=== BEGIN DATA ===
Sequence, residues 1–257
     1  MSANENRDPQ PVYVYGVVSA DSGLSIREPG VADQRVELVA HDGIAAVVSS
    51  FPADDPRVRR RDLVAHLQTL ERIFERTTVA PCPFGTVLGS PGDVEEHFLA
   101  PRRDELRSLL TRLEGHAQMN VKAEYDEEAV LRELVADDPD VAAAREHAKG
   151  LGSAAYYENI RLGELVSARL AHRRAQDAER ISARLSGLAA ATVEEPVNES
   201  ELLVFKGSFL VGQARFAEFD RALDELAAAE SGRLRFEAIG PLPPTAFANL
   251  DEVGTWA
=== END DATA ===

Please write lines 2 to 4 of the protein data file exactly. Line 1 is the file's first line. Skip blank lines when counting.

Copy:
     1  MSANENRDPQ PVYVYGVVSA DSGLSIREPG VADQRVELVA HDGIAAVVSS
    51  FPADDPRVRR RDLVAHLQTL ERIFERTTVA PCPFGTVLGS PGDVEEHFLA
   101  PRRDELRSLL TRLEGHAQMN VKAEYDEEAV LRELVADDPD VAAAREHAKG